Police called on Chinese couple for keeping thousands of bees in high-rise

Police were called after a couple in eastern China ignored their neighbours’ complaints about the thousands of bees they kept on the balcony of their high-rise flat.
PHOTO: Weibo

Police were called to a high-rise residential building in eastern China after a couple ignored repeated complaints from neighbours about their thousands of pet bees.

The unnamed couple from the coastal city of Ningbo, Zhejiang province, installed a beehive on the balcony of their flat to use their stings for medicinal purposes, but the population expanded rapidly to around 10,000 bees, according to Ningbo Evening News.

"To other residents in the complex, this is a ticking bomb. What happens if someone gets stung, have you thought about that?" a police officer was quoted as telling the wife, who was at home when the police visited on March 29.

Neighbours had been complaining for more than a year about bees congregating outside their flats, with the swarm's droppings staining clothes hung out to dry. Property management staff called the police after failing several times to persuade the couple to remove the insects, the newspaper reported.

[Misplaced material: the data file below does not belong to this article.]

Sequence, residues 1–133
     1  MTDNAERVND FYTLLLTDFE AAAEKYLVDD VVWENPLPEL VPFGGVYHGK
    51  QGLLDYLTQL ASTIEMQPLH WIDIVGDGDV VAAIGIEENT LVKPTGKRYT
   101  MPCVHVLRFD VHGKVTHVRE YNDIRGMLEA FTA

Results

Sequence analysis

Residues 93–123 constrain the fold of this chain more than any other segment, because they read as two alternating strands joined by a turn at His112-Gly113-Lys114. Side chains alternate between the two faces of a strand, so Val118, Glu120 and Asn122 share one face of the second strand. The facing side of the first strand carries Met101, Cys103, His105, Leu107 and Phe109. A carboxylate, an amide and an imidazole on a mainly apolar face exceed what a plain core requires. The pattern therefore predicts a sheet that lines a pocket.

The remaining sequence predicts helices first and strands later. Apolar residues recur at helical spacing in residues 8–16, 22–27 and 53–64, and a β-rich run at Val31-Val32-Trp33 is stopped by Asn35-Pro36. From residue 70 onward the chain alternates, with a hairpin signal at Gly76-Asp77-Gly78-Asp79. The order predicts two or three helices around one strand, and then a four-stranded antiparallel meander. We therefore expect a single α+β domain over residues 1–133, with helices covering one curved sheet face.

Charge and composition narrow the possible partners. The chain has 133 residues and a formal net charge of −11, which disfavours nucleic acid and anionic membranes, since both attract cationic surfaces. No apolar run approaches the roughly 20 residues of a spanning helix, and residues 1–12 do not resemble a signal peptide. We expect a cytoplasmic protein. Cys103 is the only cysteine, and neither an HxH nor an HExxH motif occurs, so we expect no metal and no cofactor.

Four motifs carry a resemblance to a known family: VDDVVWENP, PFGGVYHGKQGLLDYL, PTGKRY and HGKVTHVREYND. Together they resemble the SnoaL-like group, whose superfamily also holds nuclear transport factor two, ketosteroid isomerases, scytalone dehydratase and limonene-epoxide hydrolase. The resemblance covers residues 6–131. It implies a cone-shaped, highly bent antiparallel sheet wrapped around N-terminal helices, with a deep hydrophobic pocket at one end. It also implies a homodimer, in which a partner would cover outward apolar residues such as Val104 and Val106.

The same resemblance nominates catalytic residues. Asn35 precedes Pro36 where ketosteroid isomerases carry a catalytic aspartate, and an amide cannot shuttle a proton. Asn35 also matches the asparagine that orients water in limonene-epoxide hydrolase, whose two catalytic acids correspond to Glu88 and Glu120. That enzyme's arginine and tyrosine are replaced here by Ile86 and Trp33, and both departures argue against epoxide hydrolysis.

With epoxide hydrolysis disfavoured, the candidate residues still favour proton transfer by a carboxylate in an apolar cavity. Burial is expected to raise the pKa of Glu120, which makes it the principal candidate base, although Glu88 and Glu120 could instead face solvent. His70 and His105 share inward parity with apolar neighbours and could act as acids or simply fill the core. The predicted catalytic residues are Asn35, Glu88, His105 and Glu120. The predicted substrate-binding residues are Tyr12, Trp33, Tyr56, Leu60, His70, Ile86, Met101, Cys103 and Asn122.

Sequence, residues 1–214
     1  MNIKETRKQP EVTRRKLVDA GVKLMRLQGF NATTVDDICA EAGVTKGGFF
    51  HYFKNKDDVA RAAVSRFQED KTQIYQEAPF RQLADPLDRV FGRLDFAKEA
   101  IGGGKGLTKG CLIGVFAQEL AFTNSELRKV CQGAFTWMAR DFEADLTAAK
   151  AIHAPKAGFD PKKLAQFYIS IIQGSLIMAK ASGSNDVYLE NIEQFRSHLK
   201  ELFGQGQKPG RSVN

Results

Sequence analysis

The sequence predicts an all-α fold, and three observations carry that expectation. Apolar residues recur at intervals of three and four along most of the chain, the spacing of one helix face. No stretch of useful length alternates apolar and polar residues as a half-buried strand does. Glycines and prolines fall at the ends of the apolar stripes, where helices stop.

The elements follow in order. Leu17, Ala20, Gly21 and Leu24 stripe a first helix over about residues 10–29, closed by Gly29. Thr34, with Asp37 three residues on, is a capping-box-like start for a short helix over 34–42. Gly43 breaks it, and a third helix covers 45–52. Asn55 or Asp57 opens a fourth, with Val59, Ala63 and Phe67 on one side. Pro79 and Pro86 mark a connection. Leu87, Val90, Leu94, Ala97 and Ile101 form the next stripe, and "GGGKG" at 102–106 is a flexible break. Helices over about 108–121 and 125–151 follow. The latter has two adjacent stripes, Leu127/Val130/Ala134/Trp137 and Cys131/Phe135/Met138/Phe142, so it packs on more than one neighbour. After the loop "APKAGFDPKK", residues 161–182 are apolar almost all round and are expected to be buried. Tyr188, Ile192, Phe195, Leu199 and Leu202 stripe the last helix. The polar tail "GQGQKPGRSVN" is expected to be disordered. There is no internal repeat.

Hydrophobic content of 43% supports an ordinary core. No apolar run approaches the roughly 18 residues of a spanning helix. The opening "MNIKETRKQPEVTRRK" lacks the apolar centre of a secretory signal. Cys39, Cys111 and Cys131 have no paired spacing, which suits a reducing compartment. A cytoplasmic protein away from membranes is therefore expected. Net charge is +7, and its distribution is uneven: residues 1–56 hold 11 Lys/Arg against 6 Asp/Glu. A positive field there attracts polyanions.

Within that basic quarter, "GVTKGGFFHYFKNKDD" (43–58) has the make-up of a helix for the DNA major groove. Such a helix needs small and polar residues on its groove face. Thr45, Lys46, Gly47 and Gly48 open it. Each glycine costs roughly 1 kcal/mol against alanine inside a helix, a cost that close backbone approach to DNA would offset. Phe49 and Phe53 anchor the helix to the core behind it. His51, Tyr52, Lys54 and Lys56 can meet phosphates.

"Being stung is not a big deal. I've been stung a few times and nothing happened," the woman was reported to have told police.

"We have grown attached to these bees, we don't want to move them," she said, explaining that she and her husband regarded the insects as pets.

She agreed to remove the bees after being warned by police and threatened with a fine of between 200 and 500 yuan (S$41 and $100).

The hive where thousands of bees were kept on the balcony of a high-rise flat in eastern China, to the annoyance of their neighboursPhoto: Weibo

 "Bee treatment" has become popular in recent years as a form of traditional Chinese medicine. The insect's sting is used to treat illnesses such as rheumatoid arthritis by being applied to the affected joints. However, there is a lack of research on the effectiveness of such treatment.

Commenters on China's social media site Weibo criticised the couple, describing them as selfish.

"You can even keep dinosaurs if you want, but only on the condition you do not affect other people," a user from Guangxi Zhuang autonomous region wrote.

This article was first published in South China Morning Post